PARALLEL hedges in tidy rows, villages huddled together on leeward hillsides, and trees that appear to have lost all their leaves and branches on one side. These are features common to the landscape of Provence in southeast France, and the wind called the mistral had a hand in all of them.
The mistral ranks right alongside other famous winds, such as the foehn of the Alps, the pampero of South America, the chinook of the North American Rockies, the harmattan of northwest Africa, and the Euroaquilo mentioned in the Bible. (Acts 27:14) The name mistral comes from a Provençal word meaning “masterful.” True to its designation, it can blow at speeds of up to 120 miles per hour [200 km/hr].
The mistral was born from the never-ending “conflict” between high atmospheric pressure over central France and low pressure over the Mediterranean. Its great strength comes from what is called the mountain-gap effect. Channeled between the Alps and the Massif Central plateau, the mistral is strongest after emerging from the Donzère gorge, as if from a funnel.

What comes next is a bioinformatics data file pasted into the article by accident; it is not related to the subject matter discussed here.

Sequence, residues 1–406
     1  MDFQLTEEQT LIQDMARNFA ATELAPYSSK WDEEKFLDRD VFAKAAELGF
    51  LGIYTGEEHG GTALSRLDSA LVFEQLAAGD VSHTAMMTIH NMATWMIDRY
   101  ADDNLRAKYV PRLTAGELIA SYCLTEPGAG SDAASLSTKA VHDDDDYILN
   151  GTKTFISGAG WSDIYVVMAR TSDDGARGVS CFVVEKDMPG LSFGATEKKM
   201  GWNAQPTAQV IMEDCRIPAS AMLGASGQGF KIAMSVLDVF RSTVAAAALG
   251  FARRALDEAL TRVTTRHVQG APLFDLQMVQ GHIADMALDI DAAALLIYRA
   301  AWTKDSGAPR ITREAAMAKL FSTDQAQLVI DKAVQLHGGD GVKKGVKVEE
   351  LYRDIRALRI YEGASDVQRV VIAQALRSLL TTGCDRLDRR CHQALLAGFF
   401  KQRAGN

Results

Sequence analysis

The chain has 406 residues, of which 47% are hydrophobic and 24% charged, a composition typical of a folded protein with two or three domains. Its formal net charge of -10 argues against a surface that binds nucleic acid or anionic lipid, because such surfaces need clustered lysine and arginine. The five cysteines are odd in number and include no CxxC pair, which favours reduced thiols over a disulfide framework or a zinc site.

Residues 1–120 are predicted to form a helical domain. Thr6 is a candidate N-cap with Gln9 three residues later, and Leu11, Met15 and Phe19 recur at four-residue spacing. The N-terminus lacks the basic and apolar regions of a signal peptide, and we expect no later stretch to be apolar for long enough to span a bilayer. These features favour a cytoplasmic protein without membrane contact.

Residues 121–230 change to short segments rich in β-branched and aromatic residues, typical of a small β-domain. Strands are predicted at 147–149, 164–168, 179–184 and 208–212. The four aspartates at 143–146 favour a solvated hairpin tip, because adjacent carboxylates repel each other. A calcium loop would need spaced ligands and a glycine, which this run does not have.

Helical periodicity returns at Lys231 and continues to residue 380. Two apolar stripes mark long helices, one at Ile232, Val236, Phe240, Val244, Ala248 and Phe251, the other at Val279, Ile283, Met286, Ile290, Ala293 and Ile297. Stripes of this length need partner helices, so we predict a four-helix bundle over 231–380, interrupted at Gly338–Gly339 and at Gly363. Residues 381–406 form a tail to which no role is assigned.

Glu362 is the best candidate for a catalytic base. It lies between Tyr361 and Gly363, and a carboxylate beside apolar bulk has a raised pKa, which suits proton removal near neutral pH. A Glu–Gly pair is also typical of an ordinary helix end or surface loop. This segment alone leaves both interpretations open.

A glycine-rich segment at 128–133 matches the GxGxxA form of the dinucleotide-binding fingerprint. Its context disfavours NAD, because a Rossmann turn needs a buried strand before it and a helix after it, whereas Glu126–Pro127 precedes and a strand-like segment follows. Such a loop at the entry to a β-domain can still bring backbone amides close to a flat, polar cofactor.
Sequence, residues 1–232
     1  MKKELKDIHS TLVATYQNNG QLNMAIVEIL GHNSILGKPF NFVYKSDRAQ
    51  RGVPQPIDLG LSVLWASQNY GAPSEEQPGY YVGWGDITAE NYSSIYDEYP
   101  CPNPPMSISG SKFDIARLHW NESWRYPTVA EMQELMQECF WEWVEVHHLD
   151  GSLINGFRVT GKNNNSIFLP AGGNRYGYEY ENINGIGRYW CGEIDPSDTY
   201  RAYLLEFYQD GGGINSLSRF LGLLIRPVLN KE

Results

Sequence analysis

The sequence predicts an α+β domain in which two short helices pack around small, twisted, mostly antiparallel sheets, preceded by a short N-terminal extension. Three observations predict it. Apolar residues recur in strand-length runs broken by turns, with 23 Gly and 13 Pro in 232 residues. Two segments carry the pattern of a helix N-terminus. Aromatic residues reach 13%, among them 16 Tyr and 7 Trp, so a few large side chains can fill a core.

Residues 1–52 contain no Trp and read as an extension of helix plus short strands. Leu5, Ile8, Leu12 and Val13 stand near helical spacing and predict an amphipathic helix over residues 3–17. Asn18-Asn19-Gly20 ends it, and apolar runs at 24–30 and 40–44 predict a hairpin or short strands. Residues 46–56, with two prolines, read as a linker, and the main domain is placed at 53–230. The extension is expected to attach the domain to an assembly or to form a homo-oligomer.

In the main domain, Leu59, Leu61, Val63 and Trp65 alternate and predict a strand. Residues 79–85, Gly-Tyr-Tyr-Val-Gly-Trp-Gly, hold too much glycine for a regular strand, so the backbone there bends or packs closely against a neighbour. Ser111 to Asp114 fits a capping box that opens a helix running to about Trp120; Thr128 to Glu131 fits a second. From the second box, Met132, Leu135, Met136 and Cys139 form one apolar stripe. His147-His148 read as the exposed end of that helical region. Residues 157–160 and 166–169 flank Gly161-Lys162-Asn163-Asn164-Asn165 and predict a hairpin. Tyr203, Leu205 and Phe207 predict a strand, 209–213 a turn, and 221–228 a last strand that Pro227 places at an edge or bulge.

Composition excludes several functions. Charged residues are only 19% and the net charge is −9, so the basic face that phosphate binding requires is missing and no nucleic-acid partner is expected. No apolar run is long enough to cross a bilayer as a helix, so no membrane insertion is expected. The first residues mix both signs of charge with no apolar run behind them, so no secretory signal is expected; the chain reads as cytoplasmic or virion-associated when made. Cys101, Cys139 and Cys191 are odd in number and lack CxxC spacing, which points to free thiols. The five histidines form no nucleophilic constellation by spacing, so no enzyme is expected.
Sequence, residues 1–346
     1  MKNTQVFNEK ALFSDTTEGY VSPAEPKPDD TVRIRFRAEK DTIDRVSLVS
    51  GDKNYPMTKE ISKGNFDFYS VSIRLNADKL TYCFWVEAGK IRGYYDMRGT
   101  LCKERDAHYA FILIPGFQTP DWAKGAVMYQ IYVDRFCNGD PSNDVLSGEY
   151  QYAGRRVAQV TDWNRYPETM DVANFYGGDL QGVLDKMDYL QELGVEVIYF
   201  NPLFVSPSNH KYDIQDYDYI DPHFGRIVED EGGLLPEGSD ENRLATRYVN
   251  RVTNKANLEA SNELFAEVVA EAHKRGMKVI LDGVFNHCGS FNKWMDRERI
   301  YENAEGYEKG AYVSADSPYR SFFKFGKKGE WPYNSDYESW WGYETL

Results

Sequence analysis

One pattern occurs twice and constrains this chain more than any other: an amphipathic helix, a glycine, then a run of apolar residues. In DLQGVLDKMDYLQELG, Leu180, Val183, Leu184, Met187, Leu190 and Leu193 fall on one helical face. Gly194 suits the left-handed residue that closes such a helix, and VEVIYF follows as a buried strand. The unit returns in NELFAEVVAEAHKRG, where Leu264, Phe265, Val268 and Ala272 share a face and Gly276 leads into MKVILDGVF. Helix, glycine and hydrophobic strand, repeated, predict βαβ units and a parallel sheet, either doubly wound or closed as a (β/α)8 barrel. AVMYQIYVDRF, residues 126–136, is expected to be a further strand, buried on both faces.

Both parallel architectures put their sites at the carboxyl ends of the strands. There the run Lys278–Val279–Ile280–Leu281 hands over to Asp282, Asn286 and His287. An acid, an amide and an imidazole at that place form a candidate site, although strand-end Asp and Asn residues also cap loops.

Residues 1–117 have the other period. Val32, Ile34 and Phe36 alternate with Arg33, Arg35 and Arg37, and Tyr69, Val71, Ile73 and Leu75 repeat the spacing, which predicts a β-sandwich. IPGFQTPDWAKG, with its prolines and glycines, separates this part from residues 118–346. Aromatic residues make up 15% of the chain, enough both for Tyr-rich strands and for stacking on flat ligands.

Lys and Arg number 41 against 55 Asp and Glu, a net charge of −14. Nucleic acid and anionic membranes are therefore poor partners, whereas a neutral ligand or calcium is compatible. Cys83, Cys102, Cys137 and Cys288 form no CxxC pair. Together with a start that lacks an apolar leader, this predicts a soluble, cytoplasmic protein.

In summertime the mistral drives away the clouds. During the winter, the mistral makes the cold seem unbearable, and it can cause late frosts in an otherwise temperate region. In any season the mistral is often blamed when the local inhabitants feel irritable.
But it is on the splendid cedar forest of Lubéron that the mistral gives free rein to its talent, sculpturing the trees, so that they resemble flags flying in the wind. On the other hand, the mistral will often fan forest fires during the dry season, thus destroying the fruits of its labor.
“Three, six, or nine days,” goes the old Provençal saying regarding how long the mistral will blow. But this masterful wind can blow for a much longer period than that. In 1965, for example, it blew for 23 days nonstop!
Man has learned to cope with the mistral. Parallel hedges protect the fields, and old village houses rarely have an opening to the north. Though its chilly winds can be quite discomforting, the mistral nevertheless can be viewed as a master landscape architect.